Expressing the problem in terms of a percent failure or DPM ties in nicely with a Six Sigma defect rate. Currently, we are at 220,000 per million, looking for 100,000 to be successful. Six Sigma takes the defect rate to 3.4 per million.

    Unless the Problem Statement is short, concise and specific, along with a clear goal statement, there is no way to know if success is achieved.

    I hope this helps>

    Bill

    #494534 Reply

    Hi,

    Try to allpy 5W2H in your problem statement!
    When was totally missing.

    What was the base of the result you tried to quantify?

    But it was a good trial.

    #503801 Reply

    sadia
    Participant
    Reputation - 28
    Rank - Aluminum

    I start my phd in Human Resource communication, as i m new in research field and I am trying to make a good problem statement for my thesis,I am working on. What do you think of this:

    The purpose of this study is to explore the internal communication, the role of senior management in facilitating effective communication and sustaining employee engagement.

    Effective communication as important tool has been neglected in many organizations. Evidence Persons in organization take place through effective communication and that knowledge, information, attitudes and judgment are shared (Bennet Roger 1998). Communication has been developed by introduction of communication network through technology systems. They reduce limitations of time and space, increasing efficiency of communication process in fast and accuracy
    In the organization handling the core communication process and managerial communication as a system observed the dissatisfaction factors, such a situation can lead to miscommunication on important workplace issues.
    An organization needs to examine whether this communication between management and employees are helping to bring a positive picture. An effective communication image leads to management support for confidence in its goals and objectives.
    Therefore this study aims at evaluating effective communication as a Human Resource Management tool in an organization.

    This study explored the role of senior management in terms of communication within the specific context of strategic position at organization. It also investigated senior management’ accepting the role they need to play to put up with effective internal communication and facilitate employee engagement.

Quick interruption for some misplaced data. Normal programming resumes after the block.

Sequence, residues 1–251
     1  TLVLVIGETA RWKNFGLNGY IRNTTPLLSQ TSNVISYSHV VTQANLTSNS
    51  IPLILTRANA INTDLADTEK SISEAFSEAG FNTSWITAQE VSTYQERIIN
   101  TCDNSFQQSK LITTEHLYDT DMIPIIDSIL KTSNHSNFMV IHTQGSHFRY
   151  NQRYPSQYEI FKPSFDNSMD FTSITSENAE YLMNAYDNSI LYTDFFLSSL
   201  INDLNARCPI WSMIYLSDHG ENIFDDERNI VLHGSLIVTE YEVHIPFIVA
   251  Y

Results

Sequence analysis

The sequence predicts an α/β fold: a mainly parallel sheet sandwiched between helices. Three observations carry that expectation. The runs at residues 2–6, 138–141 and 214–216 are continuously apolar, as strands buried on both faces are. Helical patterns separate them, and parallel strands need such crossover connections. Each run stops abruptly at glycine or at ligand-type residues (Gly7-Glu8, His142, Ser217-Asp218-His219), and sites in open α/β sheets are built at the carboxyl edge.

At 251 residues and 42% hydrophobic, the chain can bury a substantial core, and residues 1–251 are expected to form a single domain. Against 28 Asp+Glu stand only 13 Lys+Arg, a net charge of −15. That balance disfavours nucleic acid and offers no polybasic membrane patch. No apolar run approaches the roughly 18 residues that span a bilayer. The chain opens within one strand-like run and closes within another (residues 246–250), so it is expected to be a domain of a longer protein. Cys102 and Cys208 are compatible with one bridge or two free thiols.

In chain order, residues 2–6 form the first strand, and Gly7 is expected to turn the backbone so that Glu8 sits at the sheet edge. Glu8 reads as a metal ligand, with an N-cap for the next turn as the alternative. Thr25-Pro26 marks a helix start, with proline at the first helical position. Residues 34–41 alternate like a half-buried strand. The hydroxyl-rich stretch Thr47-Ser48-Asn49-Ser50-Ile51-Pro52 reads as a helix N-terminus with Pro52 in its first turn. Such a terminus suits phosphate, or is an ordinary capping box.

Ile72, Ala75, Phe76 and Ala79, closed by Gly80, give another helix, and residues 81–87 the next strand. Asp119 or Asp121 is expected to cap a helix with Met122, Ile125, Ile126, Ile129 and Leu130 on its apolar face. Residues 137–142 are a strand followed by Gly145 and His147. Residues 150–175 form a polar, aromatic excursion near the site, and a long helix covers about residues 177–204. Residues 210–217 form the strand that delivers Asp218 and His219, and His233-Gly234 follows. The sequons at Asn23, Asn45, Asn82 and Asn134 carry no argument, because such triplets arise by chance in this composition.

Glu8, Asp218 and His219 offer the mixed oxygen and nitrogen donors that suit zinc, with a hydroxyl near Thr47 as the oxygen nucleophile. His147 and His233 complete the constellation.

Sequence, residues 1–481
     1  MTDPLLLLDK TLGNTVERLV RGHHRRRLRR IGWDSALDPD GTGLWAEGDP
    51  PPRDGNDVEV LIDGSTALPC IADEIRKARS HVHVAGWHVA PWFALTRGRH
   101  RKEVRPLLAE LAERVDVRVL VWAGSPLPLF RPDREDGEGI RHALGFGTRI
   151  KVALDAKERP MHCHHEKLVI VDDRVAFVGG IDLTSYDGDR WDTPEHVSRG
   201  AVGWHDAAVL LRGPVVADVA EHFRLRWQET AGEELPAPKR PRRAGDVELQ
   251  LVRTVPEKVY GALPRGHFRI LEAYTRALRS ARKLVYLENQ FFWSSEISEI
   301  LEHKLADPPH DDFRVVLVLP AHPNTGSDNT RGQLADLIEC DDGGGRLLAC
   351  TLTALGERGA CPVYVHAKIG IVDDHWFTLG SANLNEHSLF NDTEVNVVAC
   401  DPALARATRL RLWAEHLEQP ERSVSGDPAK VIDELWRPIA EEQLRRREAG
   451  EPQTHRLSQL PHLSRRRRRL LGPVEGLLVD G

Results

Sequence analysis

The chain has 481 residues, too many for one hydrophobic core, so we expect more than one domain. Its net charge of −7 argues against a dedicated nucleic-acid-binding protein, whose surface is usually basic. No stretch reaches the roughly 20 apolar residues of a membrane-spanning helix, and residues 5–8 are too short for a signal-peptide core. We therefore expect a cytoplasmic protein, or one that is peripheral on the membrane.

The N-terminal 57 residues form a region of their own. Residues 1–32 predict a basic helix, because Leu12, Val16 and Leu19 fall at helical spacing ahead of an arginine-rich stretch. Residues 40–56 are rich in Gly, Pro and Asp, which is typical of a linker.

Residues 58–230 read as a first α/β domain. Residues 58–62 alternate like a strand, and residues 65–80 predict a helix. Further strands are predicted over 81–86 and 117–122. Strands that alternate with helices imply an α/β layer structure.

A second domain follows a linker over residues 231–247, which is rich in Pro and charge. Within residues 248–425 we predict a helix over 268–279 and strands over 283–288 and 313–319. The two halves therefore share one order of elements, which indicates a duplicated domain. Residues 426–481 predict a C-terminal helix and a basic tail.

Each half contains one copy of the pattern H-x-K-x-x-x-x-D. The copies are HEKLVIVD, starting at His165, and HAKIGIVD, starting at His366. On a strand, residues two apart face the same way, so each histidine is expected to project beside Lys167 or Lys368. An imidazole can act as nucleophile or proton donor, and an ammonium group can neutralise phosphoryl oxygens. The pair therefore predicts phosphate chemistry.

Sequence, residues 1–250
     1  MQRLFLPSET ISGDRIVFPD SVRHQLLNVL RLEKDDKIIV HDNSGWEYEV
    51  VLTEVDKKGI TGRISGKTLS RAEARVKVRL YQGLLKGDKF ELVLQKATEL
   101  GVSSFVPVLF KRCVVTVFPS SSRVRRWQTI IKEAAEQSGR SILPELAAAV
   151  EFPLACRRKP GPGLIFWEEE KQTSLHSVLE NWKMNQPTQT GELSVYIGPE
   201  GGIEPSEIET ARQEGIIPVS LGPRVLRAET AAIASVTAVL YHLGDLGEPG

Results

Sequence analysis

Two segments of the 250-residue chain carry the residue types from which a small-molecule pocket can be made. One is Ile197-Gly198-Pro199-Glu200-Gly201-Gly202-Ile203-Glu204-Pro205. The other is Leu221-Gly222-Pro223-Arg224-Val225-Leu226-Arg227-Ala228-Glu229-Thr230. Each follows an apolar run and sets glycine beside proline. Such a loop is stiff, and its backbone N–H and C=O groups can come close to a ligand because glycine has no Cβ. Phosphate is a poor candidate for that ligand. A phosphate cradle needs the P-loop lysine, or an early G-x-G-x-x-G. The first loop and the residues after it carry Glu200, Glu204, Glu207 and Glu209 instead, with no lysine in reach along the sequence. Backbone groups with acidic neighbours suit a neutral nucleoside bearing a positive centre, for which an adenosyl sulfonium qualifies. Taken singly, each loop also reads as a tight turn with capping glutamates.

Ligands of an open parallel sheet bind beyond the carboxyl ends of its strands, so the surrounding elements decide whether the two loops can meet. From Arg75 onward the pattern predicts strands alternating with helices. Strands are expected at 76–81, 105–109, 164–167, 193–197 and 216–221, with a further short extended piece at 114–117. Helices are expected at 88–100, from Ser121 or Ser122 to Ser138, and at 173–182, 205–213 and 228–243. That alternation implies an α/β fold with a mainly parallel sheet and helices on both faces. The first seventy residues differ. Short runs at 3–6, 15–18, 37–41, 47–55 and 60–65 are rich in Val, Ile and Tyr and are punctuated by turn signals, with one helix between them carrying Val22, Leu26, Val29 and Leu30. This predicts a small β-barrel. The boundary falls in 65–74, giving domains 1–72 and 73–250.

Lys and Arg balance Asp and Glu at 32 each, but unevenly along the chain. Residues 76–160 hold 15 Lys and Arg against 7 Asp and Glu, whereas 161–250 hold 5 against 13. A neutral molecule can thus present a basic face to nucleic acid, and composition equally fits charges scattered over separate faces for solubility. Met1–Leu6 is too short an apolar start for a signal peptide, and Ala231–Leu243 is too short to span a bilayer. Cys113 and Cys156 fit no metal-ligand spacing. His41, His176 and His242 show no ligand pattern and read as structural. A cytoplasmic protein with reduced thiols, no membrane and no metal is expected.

Any Help…

    Thanks

    #503818 Reply

    It’s not a good problem statement.

    Consider looking up SMART objectives to get an idea of how to define a goal and another statement to help define the problem with quantifiable metrics. Look up “Project Scope” on this site to give you more info.

    #503822 Reply

    sadia
    Participant
    Reputation - 28
    Rank - Aluminum

    Thanks for the suggestion, but how to develop quantifiable metrics?

    #503827 Reply

    Sadia,

    I like where Chris is guiding you. I will answer your question with a question. Why?

    “Why”: As you begin, why should a company communicate internally? The answer to this question may lead you to quantifiable metrics. As I read your original statement, I see clues at measurable.

    Good Luck

    #503828 Reply

    sadia
    Participant
    Reputation - 28
    Rank - Aluminum

    Thanks a lot, I try to improve it.

    #504006 Reply

    Hi Rosalia. As it is your first Problem Statement you can start simple and improving it as you get experienced.

    As you review this statement remember the following format of what needs to be in a Business Case: WHAT is wrong, WHERE and WHEN is it occurring, what is the BASELINE magnitude at which it is occurring and what is it COSTING me?

    You must take caution to avoid under-writing a Business Case. Your natural tendency is to write too simplistically because you are already familiar with the problem. You must remember that if you are to enlist support and resources to solve your problem, others will have to understand the context and the significance in order to support you.

    The Business Case cannot include any speculation about the cause of the problem or what actions will be taken to solve the problem. It’s important that you don’t attempt to solve the problem or bias the solution at this stage. The data and the Six Sigma methodology will find the true causes and solutions to the problem.

    EXAMPLE:

    During FY 2005, the First Time Call Resolution Efficiency for New Customer Hardware Setup was 89% .

    This represents a gap of 8% from the industry standard of 97% that amounts to a potential of $2,000,000US of annualized cost impact.

    Hugs!!!

    Everton de Paula

    #504073 Reply

    Write the Problem Statement in sentence format using the template <What><Where><When><How Much><How do you know>.

    #699186 Reply

    SEMATA PETER

    Hi, I am Peter a student Persuing a bachelor degree in industrial engineering. I am trying to generate a problem statement for my project.

    The objective is “defect reduction in plastic packaging industry”

    The problem statement is
    “Over the last three months at Luuka plastics Limited, the amount of defective products has increased 25% which has caused the company to lose UGX.30 million”

    Some help
    Thanks!!!

    #699241 Reply

    Consider a pareto and attack ONE defect